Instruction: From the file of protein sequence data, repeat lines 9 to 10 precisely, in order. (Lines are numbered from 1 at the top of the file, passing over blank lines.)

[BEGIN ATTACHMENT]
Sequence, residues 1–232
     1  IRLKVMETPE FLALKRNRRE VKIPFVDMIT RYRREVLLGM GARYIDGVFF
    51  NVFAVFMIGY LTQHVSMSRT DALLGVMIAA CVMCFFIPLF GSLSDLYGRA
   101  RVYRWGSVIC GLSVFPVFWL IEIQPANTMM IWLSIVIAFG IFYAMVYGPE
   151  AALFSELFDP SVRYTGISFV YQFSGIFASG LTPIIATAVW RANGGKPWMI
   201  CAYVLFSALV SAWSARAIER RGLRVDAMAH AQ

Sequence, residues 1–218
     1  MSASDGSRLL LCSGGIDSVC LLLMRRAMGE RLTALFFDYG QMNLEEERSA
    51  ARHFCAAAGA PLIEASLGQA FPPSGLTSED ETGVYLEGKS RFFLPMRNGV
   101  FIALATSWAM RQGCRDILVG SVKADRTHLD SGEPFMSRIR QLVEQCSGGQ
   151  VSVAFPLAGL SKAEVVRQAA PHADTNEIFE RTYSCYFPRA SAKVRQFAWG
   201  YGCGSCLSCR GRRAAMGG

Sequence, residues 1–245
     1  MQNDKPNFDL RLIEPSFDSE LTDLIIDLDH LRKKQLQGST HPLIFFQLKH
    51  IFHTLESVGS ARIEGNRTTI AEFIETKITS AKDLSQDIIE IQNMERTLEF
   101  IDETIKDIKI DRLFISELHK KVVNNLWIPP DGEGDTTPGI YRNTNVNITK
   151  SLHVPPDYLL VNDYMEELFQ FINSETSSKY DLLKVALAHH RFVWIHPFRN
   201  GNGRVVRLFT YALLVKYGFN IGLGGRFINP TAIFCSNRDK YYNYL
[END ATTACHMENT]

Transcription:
    51  ARHFCAAAGA PLIEASLGQA FPPSGLTSED ETGVYLEGKS RFFLPMRNGV
   101  FIALATSWAM RQGCRDILVG SVKADRTHLD SGEPFMSRIR QLVEQCSGGQ